Chapter 10. Congress: Representation, Organization, and Legislation
Two “Years of the Women” Highlight the Promise and Challenge of More Inclusive Representation in Congress

The Constitution Defines Congress’s Shape and Powers

Congress Is Organized Around Formal and Informal Rules

The Legislative Process is Complex by Design

Members Represent Constituents in How They Act and Who They Are

Conclusion: The Complexity of Representation

Chapter 11. The American Presidency: Individuals, Institutions, and Power
In This Corner . . . Donald J. Trump: The President as Prizefighter-In-Chief

The Constitution Outlines the Powers of the American Presidency and Places Limits on Those Powers

Institutions and Other Informal Sources of Power Shape the Modern Executive Branch

Presidents Have Pushed the Limits of Their Power to Preserve National Security

The President Has Several Tools for Unilateral Action

Conclusion: The Paradoxes of Power Continue

Chapter 12. The Federal Bureaucracy: Putting the Nation’s Laws into Effect
Federal Bureaucratic Action Consists of Many Actors and Evolves Over Time

Theories of Bureaucratic Organization Focus on Rules, People, and Tasks

The Bureaucracy Has Developed in Response to Demands and Crises

A Functioning Bureaucracy Depends upon Effective Organization

The Bureaucracy Is Constrained by Oversight and Reform

Conclusion: What Does a “Good” Bureaucracy Look Like?

Chapter 13. The Federal Judiciary: Politics, Power, and the “Least Dangerous” Branch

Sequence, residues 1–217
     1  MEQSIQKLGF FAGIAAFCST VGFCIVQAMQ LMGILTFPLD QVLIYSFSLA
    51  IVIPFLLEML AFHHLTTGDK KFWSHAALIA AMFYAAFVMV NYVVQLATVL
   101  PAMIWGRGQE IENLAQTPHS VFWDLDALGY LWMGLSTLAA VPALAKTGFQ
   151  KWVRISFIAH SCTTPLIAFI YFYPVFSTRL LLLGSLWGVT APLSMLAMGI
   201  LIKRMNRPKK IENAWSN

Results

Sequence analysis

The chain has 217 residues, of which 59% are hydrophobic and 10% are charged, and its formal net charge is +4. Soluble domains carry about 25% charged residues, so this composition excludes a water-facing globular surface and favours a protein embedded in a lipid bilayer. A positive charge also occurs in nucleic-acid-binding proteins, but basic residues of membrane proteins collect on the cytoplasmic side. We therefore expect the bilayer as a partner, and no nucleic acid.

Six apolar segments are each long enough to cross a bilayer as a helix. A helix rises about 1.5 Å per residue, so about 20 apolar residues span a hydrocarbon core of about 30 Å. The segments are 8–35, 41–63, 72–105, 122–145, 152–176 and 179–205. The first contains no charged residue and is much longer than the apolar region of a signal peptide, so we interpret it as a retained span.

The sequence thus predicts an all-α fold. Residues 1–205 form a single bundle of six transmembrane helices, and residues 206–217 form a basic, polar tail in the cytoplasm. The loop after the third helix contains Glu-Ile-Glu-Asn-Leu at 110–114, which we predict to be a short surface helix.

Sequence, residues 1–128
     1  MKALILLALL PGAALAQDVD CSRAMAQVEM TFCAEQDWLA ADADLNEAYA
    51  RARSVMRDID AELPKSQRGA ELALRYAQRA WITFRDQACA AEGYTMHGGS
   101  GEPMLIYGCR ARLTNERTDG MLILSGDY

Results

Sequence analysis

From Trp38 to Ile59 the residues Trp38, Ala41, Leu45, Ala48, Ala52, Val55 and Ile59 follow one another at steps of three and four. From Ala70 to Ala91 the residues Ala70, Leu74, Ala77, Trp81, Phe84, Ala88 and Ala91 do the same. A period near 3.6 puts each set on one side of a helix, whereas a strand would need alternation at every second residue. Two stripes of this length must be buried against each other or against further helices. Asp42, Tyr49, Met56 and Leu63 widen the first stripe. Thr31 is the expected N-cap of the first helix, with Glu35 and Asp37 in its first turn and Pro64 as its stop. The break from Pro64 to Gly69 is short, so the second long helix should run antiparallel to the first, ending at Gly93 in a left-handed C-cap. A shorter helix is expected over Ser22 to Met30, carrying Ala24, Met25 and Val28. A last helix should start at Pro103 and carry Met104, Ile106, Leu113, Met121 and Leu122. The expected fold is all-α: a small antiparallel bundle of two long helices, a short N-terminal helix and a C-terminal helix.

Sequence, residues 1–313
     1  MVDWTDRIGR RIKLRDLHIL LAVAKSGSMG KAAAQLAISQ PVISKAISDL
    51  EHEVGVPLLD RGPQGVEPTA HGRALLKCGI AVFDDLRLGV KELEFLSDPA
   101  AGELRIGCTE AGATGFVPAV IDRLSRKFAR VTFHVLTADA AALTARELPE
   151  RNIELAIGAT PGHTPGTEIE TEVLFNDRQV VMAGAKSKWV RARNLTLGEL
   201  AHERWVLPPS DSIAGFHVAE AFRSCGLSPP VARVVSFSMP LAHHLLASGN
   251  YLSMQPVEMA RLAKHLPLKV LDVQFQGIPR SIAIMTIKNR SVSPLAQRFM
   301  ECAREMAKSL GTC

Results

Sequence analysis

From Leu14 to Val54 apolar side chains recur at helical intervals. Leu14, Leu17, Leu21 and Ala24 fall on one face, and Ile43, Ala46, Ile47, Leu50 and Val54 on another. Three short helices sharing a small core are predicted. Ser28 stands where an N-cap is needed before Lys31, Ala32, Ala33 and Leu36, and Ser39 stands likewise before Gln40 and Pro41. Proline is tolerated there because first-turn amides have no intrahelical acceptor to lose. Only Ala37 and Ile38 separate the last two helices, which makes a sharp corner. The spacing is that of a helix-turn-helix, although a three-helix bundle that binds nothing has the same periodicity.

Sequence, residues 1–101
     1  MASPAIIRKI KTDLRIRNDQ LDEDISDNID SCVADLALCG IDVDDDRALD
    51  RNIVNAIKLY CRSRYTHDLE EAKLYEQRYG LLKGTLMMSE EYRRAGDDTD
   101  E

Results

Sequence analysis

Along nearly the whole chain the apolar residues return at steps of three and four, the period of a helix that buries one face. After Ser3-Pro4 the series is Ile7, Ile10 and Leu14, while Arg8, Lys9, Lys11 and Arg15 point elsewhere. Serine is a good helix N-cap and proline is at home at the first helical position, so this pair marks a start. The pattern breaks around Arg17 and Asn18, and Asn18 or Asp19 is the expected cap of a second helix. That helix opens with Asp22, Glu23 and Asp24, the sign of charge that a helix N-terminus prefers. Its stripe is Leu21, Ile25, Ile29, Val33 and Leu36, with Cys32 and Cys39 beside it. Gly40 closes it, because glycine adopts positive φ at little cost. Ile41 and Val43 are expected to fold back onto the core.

The Politics of Supreme Court Confirmations Place Nominees on “Trial”

The Constitution Casts the Judiciary as a Unique but Weaker Branch

The “Trial” of John Marshall Establishes the Principle of Judicial Review

The American Legal System Is Defined by Federalism

Judicial Review Raises Questions of Constitutional Interpretation and Judicial Decision Making

Conclusion: The Trial of the Supreme Court Continues

Chapter 14. Public Policy: Promoting the General Welfare and Advancing Americans’ Interests
American Dreamers’ Futures Depend upon Whether a Public Policy Will Continue

American Health Care Policy Has Evolved Significantly since the Great Society

Fiscal Policy Guides the Economy and Responds to Crises

U.s. Foreign Policy Has Changed with the Nation’s Place in Global Affairs

Immigration Connects Foreign Policy to Domestic Policy

Conclusion: The Story of American Politics Continues



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Student Study Site

The open-access Student Study Site makes it easy for students to maximize their study time, anywhere, anytime. It offers flashcards that strengthen understanding of key terms and concepts, as well as learning objectives that reinforce the most important material.